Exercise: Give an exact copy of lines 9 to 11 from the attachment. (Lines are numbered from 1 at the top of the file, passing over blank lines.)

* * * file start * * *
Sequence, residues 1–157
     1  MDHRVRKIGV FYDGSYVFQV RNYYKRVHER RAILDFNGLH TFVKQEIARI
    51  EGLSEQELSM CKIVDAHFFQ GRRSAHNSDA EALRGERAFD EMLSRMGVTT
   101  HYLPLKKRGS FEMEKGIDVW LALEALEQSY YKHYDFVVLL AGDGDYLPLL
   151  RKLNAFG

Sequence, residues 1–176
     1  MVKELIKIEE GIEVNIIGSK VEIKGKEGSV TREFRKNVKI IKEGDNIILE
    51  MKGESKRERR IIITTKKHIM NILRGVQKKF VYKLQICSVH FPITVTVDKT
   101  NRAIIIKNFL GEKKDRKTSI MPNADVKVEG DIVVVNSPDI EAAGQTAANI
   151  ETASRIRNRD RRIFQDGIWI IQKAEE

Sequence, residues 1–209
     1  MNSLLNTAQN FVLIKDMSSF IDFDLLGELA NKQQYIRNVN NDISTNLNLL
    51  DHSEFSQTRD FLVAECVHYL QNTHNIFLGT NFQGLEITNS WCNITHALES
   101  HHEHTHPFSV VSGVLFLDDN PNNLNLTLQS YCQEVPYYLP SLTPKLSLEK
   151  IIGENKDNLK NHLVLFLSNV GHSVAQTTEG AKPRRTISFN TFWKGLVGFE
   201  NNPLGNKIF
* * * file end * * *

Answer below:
   101  NRAIIIKNFL GEKKDRKTSI MPNADVKVEG DIVVVNSPDI EAAGQTAANI
   151  ETASRIRNRD RRIFQDGIWI IQKAEE

Sequence, residues 1–209